What makes a food photograph good? It is very simple to answer but not always easy achieve. I call it the missing ingredient the yum factor. For me a food photograph needs to do what any great photograph does, it needs to evoke an emotional response. Often times when I show people my portfolio their reaction when they are done looking at it is “now I am hungry”. That is it. That is the response I am looking for. My job is to make you hungry, make you want to read the article it’s associated with or buy the product it’s pitching.
How do I do it? Over the years I have developed my own personal style, a common thread that makes my work unique. I do it through my point of view and lighting techniques and experience. Easily said now but it wasn’t always the case.
I faked my way into my first food assignment. I had assisted Bill Helms an long established food photographer. When I met Bill he was in the twilight of his career. He was not really shooting food but product for A&P. My experience with him was awesome but it really did not teach me what I needed to know about food photography. We did a couple of food shoots but not a lot.
When Bill retired, I was approached by the agency that worked with him to take over the account. I basically bull shitted my way into the gig. When opportunity presents itself in life you can either take or regret not taking it. I mean really the worst that could have happened was I would have failed and then I would be another kind of photographer now. But I didn’t I was actually good at food photography. Better than other types of photography I had been doing.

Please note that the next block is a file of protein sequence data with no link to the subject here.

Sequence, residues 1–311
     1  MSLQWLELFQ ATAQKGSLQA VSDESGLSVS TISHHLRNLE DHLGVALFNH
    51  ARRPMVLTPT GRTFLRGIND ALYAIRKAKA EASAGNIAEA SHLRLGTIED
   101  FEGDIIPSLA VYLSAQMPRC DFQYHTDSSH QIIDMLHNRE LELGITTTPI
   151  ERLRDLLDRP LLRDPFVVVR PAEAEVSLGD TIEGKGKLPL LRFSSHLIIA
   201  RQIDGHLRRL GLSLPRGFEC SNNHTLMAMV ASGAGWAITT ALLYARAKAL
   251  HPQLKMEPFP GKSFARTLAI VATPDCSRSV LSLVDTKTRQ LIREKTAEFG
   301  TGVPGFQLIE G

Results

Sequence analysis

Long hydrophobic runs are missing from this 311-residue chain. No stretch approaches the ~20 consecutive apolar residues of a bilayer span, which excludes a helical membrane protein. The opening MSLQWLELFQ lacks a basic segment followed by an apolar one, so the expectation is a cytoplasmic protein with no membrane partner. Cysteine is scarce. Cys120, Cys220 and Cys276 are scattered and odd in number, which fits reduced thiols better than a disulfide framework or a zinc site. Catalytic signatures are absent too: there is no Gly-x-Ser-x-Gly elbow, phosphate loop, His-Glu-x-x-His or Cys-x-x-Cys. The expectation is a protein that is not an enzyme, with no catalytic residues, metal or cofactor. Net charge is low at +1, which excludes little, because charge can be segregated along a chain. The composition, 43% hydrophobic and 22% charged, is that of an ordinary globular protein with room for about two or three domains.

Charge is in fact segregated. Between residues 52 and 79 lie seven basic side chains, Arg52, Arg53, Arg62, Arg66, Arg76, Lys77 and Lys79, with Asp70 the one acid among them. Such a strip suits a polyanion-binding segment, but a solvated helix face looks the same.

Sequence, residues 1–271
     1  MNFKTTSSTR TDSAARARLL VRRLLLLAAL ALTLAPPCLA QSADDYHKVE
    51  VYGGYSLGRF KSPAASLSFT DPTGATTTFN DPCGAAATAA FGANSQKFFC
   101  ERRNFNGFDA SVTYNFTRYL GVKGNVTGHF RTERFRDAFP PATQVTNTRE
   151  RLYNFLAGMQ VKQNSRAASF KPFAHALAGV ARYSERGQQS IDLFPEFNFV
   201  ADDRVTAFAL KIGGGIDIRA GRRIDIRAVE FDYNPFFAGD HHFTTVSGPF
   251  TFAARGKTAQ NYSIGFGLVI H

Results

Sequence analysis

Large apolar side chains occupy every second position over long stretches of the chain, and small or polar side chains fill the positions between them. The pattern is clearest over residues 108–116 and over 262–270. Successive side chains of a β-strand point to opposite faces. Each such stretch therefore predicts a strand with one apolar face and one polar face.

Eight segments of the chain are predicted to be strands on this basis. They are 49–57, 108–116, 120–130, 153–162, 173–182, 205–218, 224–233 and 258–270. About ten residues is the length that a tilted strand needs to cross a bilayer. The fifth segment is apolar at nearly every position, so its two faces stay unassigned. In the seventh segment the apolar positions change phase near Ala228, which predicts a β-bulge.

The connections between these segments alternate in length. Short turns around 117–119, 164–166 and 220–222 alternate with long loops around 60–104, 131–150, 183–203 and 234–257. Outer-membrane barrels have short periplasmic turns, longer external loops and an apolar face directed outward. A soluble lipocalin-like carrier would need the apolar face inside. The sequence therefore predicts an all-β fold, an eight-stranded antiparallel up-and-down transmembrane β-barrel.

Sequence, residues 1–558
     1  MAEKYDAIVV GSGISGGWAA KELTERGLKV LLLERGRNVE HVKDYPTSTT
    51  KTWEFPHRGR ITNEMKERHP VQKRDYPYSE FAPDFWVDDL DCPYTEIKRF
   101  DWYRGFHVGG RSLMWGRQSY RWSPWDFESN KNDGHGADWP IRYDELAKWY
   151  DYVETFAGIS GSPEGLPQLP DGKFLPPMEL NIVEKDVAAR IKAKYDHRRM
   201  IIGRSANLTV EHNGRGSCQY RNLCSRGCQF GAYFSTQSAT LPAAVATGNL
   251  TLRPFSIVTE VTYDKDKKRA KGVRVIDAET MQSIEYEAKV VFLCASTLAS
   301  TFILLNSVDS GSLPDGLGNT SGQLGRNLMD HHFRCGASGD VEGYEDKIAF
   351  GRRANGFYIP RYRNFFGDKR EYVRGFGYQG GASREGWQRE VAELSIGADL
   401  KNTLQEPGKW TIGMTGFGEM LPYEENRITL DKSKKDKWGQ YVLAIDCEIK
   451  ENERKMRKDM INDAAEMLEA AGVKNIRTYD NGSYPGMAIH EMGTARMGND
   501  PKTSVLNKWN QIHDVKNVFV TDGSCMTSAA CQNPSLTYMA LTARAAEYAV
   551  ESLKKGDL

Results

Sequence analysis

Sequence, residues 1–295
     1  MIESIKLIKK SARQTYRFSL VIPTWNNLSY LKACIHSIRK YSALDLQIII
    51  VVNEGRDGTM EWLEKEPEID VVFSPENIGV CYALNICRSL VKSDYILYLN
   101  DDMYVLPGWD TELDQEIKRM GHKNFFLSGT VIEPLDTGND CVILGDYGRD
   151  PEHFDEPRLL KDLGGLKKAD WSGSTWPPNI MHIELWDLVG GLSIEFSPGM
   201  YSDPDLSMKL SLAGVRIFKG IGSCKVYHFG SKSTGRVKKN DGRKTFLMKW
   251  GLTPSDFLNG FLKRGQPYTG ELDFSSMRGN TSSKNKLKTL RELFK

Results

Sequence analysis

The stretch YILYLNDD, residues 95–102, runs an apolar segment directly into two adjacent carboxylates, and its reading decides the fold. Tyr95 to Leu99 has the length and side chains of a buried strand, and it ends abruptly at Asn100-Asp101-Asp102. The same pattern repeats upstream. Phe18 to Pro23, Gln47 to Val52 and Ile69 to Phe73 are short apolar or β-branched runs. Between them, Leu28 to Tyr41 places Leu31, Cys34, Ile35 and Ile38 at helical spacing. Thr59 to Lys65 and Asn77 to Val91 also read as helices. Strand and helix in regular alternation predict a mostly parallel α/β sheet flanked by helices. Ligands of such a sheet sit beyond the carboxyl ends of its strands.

They key for me was to overshoot everything then edit out the mistakes. There were plenty of mistakes but I never showed them to the client. The client was lazy and never came to the studio (at the time my apartment). I was also a great retoucher and after the shoot, which I over delivered on in volume, I would retouch. I would bring a disk with 15 finished shots to the client and they would love me. Back then most food shoots produced about 4 finished shots. Digital technology played a big part in my being able to produce so much. I would set up a main shot, get it then move the camera closer , change lenses, angles and so fourth. I would turn 5 sets into 15 shots and the client was thrilled.
What happened next was I was able to hone in on what I personally liked and thought worked. I found that getting closer to the food made it look delicious. There are photographers that like big sets and a larger view but for me the closer the better. I love food up and in your face. You can count the seeds on the bun close. Not always applicable but that’s what I like. I think it makes the food look yummy.
Composition and lighting play equal parts. I already knew how to light so I was ahead of the curve. I knew how to compose a photo I have been taking pictures since I was 8. I have studied photography ever since I was a kid. I found my niche with food. The opportunity I was given was perfect. I essentially got paid to learn how to be a food photographer.
Look at Flickr. There are groups focused on all types of food. Study the pictures. You will see a lot of really bad food photos. Poorly done stuff but thats where you can learn. Study what really does not work. There are simple lighting techniques that you can use while you are developing your eye. Just backlight everything with diffusion and use bounce cards. When you go to shoot your food remember the goal of every food photograph, the essential ingredient if you will, it has to make you hungry. Oh and have fun.
Photographer Bill Brady http://bit.ly/9wFYxm